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Cultural Capital

What’s With All the Municipally Branded Streetwear?

Residents of a relentlessly branded city are buying into a publicly funded New York.

(The Sanitation Foundation)

Recently, Ian Armstrong, a federal policy analyst, joined a burgeoning style trend: He bought a Department of Sanitation-inspired 70’s style Tombolo shirt. It would be a “total find at a thrift store,” he said. And crucially, Armstrong views the DSNY as one of the few city agencies “that actually provides a good service.”

In April, Tombolo, a small, New York-based apparel company that brands itself as “maximalist inactivewear,” released its DSNY capsule collection. A collaboration with New York City’s Department of Sanitation, the offerings include an organic cotton terrycloth zip-up top, “cabana shorts,” and a baseball cap, all adorned with the Sanitation Department’s caduceus logo embroidered over its iconic pine green. Coming in at more than $100 per shirt, they’re a delicate, if pricey, imitation of the heavy-duty workwear worn by New York’s Strongest.

But Tombolo was already late to the trend. Earlier this year, Neighborhood Spot, a NYC-centered hub for local designers, released a limited collection of DSNY-themed T-shirts and hoodies. The streetwear brand OnlyNY produced a DSNY collaboration two years ago as part of its extensive City of New York collection, an ongoing partnership with agencies like the Parks Department. And back in 2016, the luxury designer Heron Preston approached the DSNY to create a ready-to-wear collection that repurposed decommissioned uniforms and thrift store finds. Other agencies play muse for streetwear brands, too. OnlyNY also released an MTA Capsule Collection, featuring cartoon-splashed work vests and snapbacks celebrating the Metropolitan Transit Association’s legacy. In 2018, the FDNY had a limited collaboration with Danielle Guizio and another with Canada Goose.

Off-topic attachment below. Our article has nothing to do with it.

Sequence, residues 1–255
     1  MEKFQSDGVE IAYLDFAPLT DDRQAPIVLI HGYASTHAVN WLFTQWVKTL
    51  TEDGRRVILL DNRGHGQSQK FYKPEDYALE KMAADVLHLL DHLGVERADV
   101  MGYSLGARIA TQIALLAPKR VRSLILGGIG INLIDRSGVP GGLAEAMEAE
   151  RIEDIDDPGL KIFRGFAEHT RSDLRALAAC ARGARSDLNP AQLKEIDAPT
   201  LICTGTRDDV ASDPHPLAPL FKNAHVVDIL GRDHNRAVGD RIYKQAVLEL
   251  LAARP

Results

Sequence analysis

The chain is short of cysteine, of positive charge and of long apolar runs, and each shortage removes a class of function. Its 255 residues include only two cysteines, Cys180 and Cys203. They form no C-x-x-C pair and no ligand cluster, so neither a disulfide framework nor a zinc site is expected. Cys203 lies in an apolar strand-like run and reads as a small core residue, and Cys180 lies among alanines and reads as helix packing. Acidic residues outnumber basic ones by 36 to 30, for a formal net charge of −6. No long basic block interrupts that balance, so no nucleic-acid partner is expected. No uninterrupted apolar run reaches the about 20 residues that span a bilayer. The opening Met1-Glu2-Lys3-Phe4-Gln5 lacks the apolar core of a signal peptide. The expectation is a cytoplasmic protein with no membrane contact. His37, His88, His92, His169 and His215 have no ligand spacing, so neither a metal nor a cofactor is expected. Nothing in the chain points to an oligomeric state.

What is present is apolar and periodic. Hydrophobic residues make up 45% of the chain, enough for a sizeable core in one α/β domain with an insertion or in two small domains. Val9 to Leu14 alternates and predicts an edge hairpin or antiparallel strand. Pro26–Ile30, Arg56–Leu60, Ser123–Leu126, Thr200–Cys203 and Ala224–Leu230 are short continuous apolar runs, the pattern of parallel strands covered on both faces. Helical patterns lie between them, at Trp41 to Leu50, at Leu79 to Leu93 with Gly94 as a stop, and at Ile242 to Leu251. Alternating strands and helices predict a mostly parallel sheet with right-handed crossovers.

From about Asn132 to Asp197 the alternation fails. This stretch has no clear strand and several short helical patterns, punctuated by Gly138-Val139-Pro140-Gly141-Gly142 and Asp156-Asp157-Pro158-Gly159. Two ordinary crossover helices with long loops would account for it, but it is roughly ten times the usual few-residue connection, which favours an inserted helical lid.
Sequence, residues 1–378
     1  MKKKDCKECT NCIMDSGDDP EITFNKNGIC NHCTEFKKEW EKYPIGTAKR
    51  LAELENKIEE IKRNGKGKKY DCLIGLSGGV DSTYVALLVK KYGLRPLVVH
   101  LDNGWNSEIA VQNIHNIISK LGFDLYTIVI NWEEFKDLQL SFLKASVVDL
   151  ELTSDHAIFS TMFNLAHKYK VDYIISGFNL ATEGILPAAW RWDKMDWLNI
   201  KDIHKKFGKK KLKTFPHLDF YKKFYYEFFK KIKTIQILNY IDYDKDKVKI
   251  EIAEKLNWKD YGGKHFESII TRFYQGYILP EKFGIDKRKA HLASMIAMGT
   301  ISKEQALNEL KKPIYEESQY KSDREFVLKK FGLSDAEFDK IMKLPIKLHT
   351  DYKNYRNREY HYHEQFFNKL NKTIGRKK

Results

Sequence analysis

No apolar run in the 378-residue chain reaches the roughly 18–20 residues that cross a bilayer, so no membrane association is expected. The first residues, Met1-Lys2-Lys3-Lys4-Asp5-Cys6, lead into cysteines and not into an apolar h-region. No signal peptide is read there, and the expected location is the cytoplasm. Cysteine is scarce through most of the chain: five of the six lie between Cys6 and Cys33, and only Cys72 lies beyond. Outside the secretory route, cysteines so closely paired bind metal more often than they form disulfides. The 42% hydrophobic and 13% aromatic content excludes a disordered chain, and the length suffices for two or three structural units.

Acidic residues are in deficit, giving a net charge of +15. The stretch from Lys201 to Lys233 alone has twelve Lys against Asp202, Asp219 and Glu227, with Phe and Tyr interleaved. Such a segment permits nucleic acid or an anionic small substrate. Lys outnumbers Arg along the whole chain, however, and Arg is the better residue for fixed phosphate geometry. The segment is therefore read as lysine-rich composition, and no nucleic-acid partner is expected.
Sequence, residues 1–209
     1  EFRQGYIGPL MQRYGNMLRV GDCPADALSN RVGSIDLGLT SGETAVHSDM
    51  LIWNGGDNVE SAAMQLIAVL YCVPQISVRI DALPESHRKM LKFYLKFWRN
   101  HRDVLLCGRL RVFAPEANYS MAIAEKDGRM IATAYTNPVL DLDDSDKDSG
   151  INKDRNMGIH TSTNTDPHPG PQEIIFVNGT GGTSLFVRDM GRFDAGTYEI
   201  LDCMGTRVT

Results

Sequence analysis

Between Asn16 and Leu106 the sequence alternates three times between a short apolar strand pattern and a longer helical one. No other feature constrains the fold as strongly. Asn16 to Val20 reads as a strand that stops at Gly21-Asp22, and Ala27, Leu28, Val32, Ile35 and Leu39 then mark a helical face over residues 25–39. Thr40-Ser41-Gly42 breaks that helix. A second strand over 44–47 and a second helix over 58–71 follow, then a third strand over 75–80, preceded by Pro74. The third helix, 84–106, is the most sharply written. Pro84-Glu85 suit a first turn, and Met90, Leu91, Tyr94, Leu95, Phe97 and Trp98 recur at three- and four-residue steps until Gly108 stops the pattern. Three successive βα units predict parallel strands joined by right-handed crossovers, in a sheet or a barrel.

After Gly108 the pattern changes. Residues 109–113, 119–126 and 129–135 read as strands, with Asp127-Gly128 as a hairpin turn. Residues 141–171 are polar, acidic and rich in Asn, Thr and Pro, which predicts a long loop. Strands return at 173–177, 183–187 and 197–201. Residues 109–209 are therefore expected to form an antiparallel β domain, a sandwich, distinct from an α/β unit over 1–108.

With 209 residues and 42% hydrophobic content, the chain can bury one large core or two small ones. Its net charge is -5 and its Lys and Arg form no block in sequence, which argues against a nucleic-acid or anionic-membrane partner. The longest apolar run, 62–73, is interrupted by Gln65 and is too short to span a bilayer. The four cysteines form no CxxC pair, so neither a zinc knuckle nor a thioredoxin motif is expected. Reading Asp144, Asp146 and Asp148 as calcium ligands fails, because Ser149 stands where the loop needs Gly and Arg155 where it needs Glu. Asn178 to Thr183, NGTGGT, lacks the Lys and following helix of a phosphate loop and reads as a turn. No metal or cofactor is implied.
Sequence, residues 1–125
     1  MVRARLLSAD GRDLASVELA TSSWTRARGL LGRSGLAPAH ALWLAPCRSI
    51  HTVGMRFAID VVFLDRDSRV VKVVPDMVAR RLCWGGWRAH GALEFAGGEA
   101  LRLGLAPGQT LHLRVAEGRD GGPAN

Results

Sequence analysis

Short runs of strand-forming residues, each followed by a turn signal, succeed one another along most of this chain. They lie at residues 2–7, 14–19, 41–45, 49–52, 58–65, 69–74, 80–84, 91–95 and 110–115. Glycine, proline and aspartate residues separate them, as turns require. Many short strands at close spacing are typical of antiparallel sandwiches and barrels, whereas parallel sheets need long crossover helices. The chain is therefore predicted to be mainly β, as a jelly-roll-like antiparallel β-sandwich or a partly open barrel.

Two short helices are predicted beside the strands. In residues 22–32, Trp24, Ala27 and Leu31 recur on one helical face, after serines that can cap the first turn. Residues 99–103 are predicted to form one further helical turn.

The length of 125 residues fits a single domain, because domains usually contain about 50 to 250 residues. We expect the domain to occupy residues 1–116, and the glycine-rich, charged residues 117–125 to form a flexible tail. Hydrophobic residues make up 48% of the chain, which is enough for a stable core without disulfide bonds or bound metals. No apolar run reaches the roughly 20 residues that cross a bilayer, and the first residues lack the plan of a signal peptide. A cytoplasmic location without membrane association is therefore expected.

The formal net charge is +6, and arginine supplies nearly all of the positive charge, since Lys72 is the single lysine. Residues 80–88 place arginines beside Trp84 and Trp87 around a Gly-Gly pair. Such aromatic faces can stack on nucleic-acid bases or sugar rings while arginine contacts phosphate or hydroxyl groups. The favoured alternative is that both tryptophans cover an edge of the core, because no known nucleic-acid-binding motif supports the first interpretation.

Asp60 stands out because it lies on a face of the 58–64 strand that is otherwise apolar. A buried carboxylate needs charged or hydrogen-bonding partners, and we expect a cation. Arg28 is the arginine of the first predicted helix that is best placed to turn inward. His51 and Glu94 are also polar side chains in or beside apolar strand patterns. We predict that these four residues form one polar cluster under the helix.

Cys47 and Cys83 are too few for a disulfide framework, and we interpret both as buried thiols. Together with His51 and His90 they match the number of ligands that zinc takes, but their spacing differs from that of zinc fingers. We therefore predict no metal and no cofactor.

If in previous years, streetwear embraced self-referential luxury, it’s recently taken a more wholesome route, towards wellnesscore, gorpcore and other feel-good aesthetics. And celebrating New York’s public institutions signals nostalgia for a New York City you could live in, not just one you could buy—while the global elite financializes the city and content creators package neighborhoods into algorithm-friendly products, public agencies offer something that feels permanent. Jordan Page, a New York-based creative consultant who’s previously worked with OnlyNY, told me the only things that “stay the same in New York are the public agencies.” And these agencies are ubiquitous: New York City’s government employs up to 325,000 people, more than five times the number of city employees in Los Angeles.The DSNY is the largest municipal sanitation agency in the world. But representations of a static, working-class New York are still expensive: OnlyNY’s DSNY puffer originally listed for $270.

“These municipal institutions in New York feel like they're like the real backbone of the city,” said Luca Eisen, a member of the NYC-focused art research group, Cause There’s Only One, which uses local iconography to explore gentrification. Whether consciously or subconsciously, people feel a loss at the corporatization and sanitization of New York City” and they want the old city back. Now, he said, these brands are “repackaging” that experience “for purchase,” capitalizing on New Yorkers’ desire for something genuine. 

New York has always indulged its own mythology: The city has a long history of strategic self-promotion, starting with the 1977 creation of the iconic 'I Love NY' logo. In 2003, billionaire mayor Bloomberg publicly declared New York a “luxury brand” and pursued policies that reshaped the city’s infrastructure and global reputation. NYC & Company, the city’s official tourism agency, works to “maximize travel and tourism opportunities throughout the city, build economic prosperity, and spread the dynamic image of New York City around the world.” In 2022, they expect to receive $63 million in funding to perpetuate New York’s image through sponsorships, influencer campaigns, paid media, global tourism, city-to-city partnerships, and notably, licensing municipal iconography